Good morning, everyone. Welcome to Google IO. It’s great to see so many of you here at Sholane.
So many developers, and a huge thanks to the millions joining from around the world, from Bangladesh to Brazil to our new Bayview campus right next door. It’s so great to have you, as always. As you may have heard, AI is having a very busy year.
So we’ve got lots to talk about. Let’s get started. Seven years into our journey as an AI first company, we are at an exciting inflection point.
We have an opportunity to make AI even more helpful for people, for businesses, for communities, for everyone. We have been applying AI to make our products radically more helpful for a while. With generative AI, we are taking the next step with a bold and responsible approach.
We are reimagining all our core products, including Search. You will hear more later in the keynote. Let me start with few examples of how generative AI is helping to evolve our products, starting with Gmail.
In 2017. We launched Smart Reply.
Short responses you could select with just one click. Next came Smart Compose, which offered writing suggestions as you type. Smart Compose led to more advanced writing features powered by AI.
They’ve been used in workspace over 180,000,000,000 times in the past year alone. And now, with a much more powerful generative model, we are taking the next step in Gmail with helpmeride. Let’s say you got this email that your flight was canceled.
The airline has sent a voucher, but what you really want is a full refund. You could reply and use help meride. Just type in the prompt of what you want an email to ask for a full refund.
Hit Create and a full draft appears. As you can see, it conveniently pulled in flight details from the previous email, and it looks pretty close to what you want to send. Maybe you want to refine it further.
In this case, a more elaborate email might increase the chances of getting the refund. And there you go. I think it’s ready to send helpme.
Write will start rolling out as part of our workspace updates. And just like with Smart Compose, you will see it get better over time. The next example is maps.
Since the early days of Street View, AI has stitched together billions of panoramic images so people can explore the world from their device. At last year’s IO, we introduced Immersive View, which uses AI to create a high fidelity representation of a place so you can experience it before you visit. Now we are expanding that same technology to do what Maps does best help you get where you want to go.
Google Maps provides 20 billion directions every day. That’s a lot of trips. Imagine if you could see your whole trip in advance with Immersive View for routes.
Now you can, whether you’re walking, cycling or driving. Let me show you what I mean. Say I’m in new York City, and I want to go on a bike ride.
Maps has given me a couple of options close to where I am. I like the one on the waterfront, so let’s go with that. Looks scenic, and I want to get a feel for it first.
Click on Immersive View for Routes, and it’s an entirely new way to look at my journey. I can zoom in to get an incredible bird’s eye view of the ride, and as we turn, we get onto a great bike path. It looks like it’s going to be a beautiful ride.
You can also check today’s air quality. Looks like AQI is 43. Pretty good.
And if want to check traffic and weather and see how they might change over the next few hours, I can do that. Looks like it’s going to pour later, so maybe I want to get going now. Immersive View for Routes will begin to roll out over the summer and launch in 15 cities by the end of the year, including London, New York, Tokyo and San Francisco.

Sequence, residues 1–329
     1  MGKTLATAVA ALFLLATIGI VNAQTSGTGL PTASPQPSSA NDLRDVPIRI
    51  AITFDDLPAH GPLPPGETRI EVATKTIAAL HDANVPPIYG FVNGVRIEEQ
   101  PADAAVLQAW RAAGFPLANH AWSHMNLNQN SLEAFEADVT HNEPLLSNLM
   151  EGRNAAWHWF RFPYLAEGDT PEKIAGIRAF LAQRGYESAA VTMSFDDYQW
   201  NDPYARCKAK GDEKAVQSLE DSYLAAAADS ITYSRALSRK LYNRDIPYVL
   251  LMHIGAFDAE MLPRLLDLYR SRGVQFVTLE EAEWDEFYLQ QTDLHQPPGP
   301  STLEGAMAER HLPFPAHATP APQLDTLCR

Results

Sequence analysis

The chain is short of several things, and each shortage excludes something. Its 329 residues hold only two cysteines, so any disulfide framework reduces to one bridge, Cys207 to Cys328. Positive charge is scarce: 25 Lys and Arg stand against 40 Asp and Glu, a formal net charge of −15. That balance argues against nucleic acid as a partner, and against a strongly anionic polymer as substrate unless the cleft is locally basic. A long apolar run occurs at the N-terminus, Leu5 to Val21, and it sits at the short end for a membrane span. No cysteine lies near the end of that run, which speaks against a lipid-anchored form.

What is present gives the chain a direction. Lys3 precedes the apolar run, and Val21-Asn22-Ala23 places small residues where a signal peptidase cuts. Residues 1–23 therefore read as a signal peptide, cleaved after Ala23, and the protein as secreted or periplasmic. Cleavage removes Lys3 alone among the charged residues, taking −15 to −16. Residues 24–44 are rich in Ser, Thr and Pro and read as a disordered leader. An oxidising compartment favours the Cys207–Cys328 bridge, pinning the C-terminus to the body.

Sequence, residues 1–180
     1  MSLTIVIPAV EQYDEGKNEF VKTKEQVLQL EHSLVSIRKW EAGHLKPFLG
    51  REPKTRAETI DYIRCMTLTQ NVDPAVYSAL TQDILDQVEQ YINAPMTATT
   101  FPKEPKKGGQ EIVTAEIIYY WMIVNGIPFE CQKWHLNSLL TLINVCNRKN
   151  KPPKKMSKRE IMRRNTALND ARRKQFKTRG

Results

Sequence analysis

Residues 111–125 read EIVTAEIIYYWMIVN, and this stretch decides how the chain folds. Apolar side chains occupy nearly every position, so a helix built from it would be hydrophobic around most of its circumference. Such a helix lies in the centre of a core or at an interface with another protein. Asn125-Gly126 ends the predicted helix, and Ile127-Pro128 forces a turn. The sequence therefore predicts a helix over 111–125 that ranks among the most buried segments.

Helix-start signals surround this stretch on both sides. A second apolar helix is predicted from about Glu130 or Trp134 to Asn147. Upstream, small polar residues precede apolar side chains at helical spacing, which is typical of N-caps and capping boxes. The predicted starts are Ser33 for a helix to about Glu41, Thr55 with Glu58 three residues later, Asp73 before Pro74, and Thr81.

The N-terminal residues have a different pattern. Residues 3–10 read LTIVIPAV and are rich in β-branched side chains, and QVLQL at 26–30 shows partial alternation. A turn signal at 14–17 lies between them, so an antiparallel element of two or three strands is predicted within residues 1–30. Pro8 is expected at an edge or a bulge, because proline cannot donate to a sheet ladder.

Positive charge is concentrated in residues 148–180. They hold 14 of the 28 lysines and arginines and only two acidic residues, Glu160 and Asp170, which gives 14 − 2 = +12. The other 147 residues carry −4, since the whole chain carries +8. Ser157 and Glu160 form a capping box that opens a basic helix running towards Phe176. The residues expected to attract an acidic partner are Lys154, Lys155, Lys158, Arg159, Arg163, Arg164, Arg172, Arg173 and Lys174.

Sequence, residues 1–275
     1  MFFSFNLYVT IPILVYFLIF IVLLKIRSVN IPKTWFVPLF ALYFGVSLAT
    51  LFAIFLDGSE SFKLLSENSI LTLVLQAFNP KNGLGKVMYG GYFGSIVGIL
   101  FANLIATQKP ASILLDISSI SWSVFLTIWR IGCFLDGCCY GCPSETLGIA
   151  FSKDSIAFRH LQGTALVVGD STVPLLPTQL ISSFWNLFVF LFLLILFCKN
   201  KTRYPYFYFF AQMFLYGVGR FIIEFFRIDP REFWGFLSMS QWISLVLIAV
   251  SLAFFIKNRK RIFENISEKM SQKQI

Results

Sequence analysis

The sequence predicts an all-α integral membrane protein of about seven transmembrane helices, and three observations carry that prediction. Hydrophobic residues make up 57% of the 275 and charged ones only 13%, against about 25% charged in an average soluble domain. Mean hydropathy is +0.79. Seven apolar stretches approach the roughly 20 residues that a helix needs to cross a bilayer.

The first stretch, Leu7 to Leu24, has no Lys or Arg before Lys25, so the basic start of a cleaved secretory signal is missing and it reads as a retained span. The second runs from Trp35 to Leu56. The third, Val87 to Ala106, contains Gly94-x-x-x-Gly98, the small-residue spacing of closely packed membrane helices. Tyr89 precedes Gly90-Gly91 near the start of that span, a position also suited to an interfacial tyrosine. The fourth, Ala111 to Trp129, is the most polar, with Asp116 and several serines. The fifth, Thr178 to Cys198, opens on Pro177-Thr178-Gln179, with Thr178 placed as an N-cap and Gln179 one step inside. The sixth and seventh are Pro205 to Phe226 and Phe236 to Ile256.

Another product made better by AI is Google Photos. We introduced it at I O in 2015. It was one of our first AI native products.
Breakthroughs in machine learning made it possible to search your photos for things like people, sunsets or waterfalls. Of course, we want you to do more than just search photos. We also want to help you make them better.
In fact, every month, 1.7 billion images are edited in Google Photos. AI advancements give us more powerful ways to do this.
For example, Magic Eraser, launched first on Pixel, uses AIpowered computational photography to remove unwanted distractions. And later this year, using a combination of semantic understanding and generative AI, you can do much more with a new experience called Magic Editor. Let’s have a look.
Say you’re on a hike and you stop to take a photo in front of a waterfall. You wish you had taken your bag off for the photo. So let’s go ahead and remove that back strap.
The photo feels a bit dark, so you can improve the lighting. And maybe you want to even get rid of some clouds to make it feel as sunny as you remember it. Looking even closer, you wish you had posed, so it looks like you’re really catching the water in your hand.
No problem. You can adjust that’s. There you go.
Let’s look at one more photo. This is a great photo, but as a parent, you always want your kid at the center of it all. And it looks like the balloons got cut off in this one, so you can go ahead and reposition the birthday boy.
Magic Editor automatically recreates parts of the bench and balloons that were not captured in the original shot. As a finishing touch, you can punch up the sky. It changes the lighting in the rest of the photo so the edit feels consistent.
It’s truly magical. We are excited to roll out Magic Editor in Google Photos later this year. From Gmail and Photos to Maps, these are just a few examples of how AI can help you in moments that matter.
And there is so much more we can do to deliver the full potential of AI across the products you know and love. Today, we have 15 products that each serve more than half a billion people and businesses, and six of those products serve over 2 billion users each. This gives us so many opportunities to deliver on our mission to organize the world’s information and make it universally accessible and useful.